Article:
Raising Taxi Rates, Project Bluewater, Barbecue Pundits 

News Blips

"It was hard for me to believe the scores that my daughter had, knowing the struggles she was having."

Sanders Clyde Elementary parent Tanika Bausley on the investigation of the school's unbelievable test scores. Bausley told the New York Times that her daughter had a "borderline learning disability."

Raising taxi ratesin Rough Times

Charleston City Council debated the merits last week of a rate increase for taxis, while recognizing it may be the exact worst time for consumers. The debate may be a prelude to similar talks among municipal bodies across the region as costs go up and tax and other revenue collections decline.

Metered cab operators had asked the city for a rate increase to offset the rising cost of gas. The drivers currently charge $2 for the first fifth of a mile and then 35 cents for each fifth after that. In an effort to pull more money from short-distance customers, the drivers were requesting a $5 flat rate for the first two miles. It would be a slight cut for riders who take the full two miles, but it would increase fares for those who just ride down the street a few blocks.

Council members struggled over the request before agreeing to a $4 flat rate for the first two miles. Councilman Wendell Gilliard, who is expected to leave the council for the Statehouse in January, voted against the rate hike because he said these fare increases should be considered during good economic times.

"Everybody is hurting on all sides," he said. "Elected officials will get calls from constituents who depend on cabs for travel."

But the rest of the council voted in support of the $4 rate as a compromise.

"Any position we take tonight will put us in an economic quagmire," said Councilman Louis Waring. —Greg Hambrick

Project Bluewater

The mysterious codename for a business looking to put 160 jobs and $55 million in investments into the area. The county won't make the name of the company public until final approval in December. Our top guess is that it's a new reality show hosted by Heidi Klum and Tim Gunn as they look for the next great 2,000 Flushes toilet bowl cleaner. Source: Charleston Regional Business Journal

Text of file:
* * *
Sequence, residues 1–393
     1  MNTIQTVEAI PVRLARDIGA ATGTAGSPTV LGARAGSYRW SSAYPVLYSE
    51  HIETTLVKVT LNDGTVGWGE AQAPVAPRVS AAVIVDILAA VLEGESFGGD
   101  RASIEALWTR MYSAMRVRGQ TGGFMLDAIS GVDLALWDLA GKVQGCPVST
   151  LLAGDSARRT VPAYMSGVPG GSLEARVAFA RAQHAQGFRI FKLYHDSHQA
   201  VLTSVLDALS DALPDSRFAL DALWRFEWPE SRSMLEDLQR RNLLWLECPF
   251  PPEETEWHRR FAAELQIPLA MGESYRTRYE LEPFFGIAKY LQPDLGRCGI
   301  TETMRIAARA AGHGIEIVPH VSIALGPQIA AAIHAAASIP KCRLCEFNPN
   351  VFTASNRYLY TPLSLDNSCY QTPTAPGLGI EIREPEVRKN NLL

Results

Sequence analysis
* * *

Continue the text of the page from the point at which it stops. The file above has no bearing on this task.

$4.3 million

That's how much Charleston County Council approved recently for Greenbelt projects in 2009, including the purchase of 118 acres on Morris Island, and new parks in North Charleston, Mt. Pleasant, and Awendaw. Source: Charleston County

Barbecue Pundits

In the run-up to election day, campaign signs are a way for candidates to get their names out there and a general way for them to ask for your vote. But the minute that polls close, the signs are nothing but roadside litter.

Sticky Fingers RibHouse is offering a coupon in exchange for campaign signs. The offer is for a free appetizer (up to $7.99) with the purchase of a meal. Before you go cleaning out the roadway to rack up the coupons, it's only one coupon per person.

"Just think of those leftover campaign signs as giant roadside gift certificates for free food at our restaurants," said Sticky Fingers CEO Jim Balis. "It's an easy way to help the environment, clean up our neighborhoods, and provide a little economic relief to our loyal customers." —Greg Hambrick

200

That was the predicted estimate of the number of voters per voting booth on Election Day. That means each voter had 3.6 minutes to squeeze in their decisions. We've taken longer to pick out a pair of socks in the morning (half the time was spent finding a match, but you get the picture). Source: News 2

"Some people might not want to see your underwear — I'm one of them."

Barack Obama on the rash of saggy pants bans popping up around the nation. Obama said he doesn't like the fashion statement, but wouldn't support laws against it. The City of Charleston essentially rejected a saggy pants ban earlier this year. Source: Time.com, MTV News

$7,000

That's how much Wando High School's science classes received as the recipients of Lowcountry Earth Force and the Sustainability Institute's 2008 GREENS Fund. The money will be used to build a campus greenhouse to study carbon sequestration and the benefits of urban forests on air quality. Charleston is on the verge of exceeding EPA air quality standards for particulate matter. Source: Sustainability Institute


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